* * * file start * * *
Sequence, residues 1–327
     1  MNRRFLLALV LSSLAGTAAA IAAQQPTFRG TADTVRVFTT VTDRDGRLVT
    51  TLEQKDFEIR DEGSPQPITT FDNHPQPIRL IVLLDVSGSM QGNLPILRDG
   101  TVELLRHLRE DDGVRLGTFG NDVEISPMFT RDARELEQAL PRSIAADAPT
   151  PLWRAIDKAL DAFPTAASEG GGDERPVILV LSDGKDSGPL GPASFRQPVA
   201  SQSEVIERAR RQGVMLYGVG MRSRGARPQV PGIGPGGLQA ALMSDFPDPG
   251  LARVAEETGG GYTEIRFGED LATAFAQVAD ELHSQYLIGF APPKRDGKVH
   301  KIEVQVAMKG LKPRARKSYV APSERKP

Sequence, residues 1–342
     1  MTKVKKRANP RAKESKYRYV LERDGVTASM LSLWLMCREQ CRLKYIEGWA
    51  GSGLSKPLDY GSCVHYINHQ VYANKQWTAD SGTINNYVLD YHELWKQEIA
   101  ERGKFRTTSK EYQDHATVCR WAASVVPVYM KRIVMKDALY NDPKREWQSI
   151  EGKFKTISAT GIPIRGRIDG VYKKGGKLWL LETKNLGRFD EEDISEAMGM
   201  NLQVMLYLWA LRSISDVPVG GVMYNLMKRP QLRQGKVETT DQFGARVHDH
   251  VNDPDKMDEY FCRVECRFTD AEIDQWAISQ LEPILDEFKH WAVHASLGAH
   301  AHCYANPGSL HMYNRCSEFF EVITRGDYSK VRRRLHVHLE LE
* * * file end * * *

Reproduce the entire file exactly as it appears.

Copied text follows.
Sequence, residues 1–327
     1  MNRRFLLALV LSSLAGTAAA IAAQQPTFRG TADTVRVFTT VTDRDGRLVT
    51  TLEQKDFEIR DEGSPQPITT FDNHPQPIRL IVLLDVSGSM QGNLPILRDG
   101  TVELLRHLRE DDGVRLGTFG NDVEISPMFT RDARELEQAL PRSIAADAPT
   151  PLWRAIDKAL DAFPTAASEG GGDERPVILV LSDGKDSGPL GPASFRQPVA
   201  SQSEVIERAR RQGVMLYGVG MRSRGARPQV PGIGPGGLQA ALMSDFPDPG
   251  LARVAEETGG GYTEIRFGED LATAFAQVAD ELHSQYLIGF APPKRDGKVH
   301  KIEVQVAMKG LKPRARKSYV APSERKP

Sequence, residues 1–342
     1  MTKVKKRANP RAKESKYRYV LERDGVTASM LSLWLMCREQ CRLKYIEGWA
    51  GSGLSKPLDY GSCVHYINHQ VYANKQWTAD SGTINNYVLD YHELWKQEIA
   101  ERGKFRTTSK EYQDHATVCR WAASVVPVYM KRIVMKDALY NDPKREWQSI
   151  EGKFKTISAT GIPIRGRIDG VYKKGGKLWL LETKNLGRFD EEDISEAMGM
   201  NLQVMLYLWA LRSISDVPVG GVMYNLMKRP QLRQGKVETT DQFGARVHDH
   251  VNDPDKMDEY FCRVECRFTD AEIDQWAISQ LEPILDEFKH WAVHASLGAH
   301  AHCYANPGSL HMYNRCSEFF EVITRGDYSK VRRRLHVHLE LE